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Where's my non-classical shared memory concurrency technology?
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Date: -- (:)
From: Gerd Stolpmann <info@g...>
Subject: Re: [Caml-list] Re: Where's my non-classical shared memory concurrency technology?

Am Montag, den 19.05.2008, 12:45 +0100 schrieb Martin Berger:
> Jon Harrop wrote:
> >> Similarly, avoiding threads removes concurrency bugs...
> > I don't believe you have removed any concurrency bugs. I think you just pushed 
> > them around a bit.
> I couldn't agree more. If you 'avoid' concurrency by writing your own
> 'sequential' event handling code, you have not removed the concurrency,
> you just face it in a slightly different form, and you have to
> program the event handling code yourself, 

I cannot agree. Just use Ocamlnet! Or other libraries doing it for you.

> rather than relying
> on a tried and tested library, 

On the contrary: Shared memory parallelization has the fundamental
disadvantage that you cannot reason about it, and so the only way of
checking the quality of the code is testing. Event handing concurrency,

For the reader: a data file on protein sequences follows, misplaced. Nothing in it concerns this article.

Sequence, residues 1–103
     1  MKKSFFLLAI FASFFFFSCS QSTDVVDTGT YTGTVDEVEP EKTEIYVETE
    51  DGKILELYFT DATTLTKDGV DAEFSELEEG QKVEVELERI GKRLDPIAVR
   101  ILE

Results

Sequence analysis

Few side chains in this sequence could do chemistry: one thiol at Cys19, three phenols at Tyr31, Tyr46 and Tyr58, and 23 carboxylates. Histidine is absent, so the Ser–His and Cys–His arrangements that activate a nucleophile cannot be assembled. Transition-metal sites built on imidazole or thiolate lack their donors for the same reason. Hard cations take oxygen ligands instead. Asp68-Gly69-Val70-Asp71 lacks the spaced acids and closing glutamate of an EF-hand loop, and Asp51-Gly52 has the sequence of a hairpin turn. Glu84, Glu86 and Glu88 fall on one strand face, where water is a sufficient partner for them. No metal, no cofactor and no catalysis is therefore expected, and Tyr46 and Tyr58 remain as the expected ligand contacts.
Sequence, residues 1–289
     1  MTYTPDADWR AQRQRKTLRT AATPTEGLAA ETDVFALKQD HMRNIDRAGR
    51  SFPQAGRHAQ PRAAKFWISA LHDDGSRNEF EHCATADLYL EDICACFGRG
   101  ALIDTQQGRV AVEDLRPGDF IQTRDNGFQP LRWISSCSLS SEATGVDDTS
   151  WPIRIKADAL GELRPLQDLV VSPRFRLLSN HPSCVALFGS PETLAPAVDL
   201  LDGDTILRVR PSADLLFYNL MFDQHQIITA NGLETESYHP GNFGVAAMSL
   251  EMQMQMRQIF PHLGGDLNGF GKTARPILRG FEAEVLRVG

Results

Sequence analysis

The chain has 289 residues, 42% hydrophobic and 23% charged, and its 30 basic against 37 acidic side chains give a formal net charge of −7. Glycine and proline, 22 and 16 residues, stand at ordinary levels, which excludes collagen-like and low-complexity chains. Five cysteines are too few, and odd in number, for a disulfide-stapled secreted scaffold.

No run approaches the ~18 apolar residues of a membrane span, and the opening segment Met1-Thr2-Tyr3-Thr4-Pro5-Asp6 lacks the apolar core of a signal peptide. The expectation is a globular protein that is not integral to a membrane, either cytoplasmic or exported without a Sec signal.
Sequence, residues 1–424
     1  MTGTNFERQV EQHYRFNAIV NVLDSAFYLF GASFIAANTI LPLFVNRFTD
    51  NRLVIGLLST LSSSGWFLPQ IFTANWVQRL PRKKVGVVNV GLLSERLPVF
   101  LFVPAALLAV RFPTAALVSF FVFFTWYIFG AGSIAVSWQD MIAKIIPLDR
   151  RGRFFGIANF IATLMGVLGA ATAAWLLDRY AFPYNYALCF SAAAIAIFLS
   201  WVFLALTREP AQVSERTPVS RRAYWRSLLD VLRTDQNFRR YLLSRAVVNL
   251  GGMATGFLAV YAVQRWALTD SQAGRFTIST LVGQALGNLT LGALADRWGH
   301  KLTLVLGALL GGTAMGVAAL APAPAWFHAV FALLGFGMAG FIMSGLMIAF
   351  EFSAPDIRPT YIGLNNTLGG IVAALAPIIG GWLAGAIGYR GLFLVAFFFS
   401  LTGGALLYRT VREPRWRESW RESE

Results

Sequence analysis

while not giving you parallelization, is basically sequential
programming, and it is possible to reason about such programs.

With "reasoning" I don't necessarily mean formal techniques. The more
frequent case is that the programmer thinks about the program guided by
the laws of logic.

The impossibility to do this with truly parallelized code is an
important source of bugs, so I would say this code inherently more

> i.e. you have an additional
> source of bugs, without removing the problems that are inherent
> in concurrency (e.g. deadlocks, livelocks, fairness ...).

This is simply nonsense. Different concurrency techniques have different
problems. For example, in event handling-based concurrency you do not
need locks, hence you cannot run into deadlocks.

>  There
> are reasons why writing your own concurrency mechanisms might
> be the way to go, but it's a highly non-trivial endeavor.

Maybe in a mainstream language, but in FP I found it always relatively
easy to do it.

> Concurrency is hard, and no matter how one presents the concurrency
> (message passing, shared memory, event handling etc), the fundamental
> problems will always be there.

As pointed out, I cannot agree with your premises. There are different
types of concurrency built on top of different fundaments.


> > Data parallelism in Microsoft's Task Parallel Library. I have no 
> > use for STM  myself.
> Do you have industrial experience with STM? I wonder how it
> performs in industrial settings. Reading STM papers by their
> inventors makes them sound like the best thing since sliced
> bread, but I have a (probably irrational) feeling that it's
> difficult to beat fine grained locking if one can handle
> the programming difficulties their use imposes.
> Martin Berger
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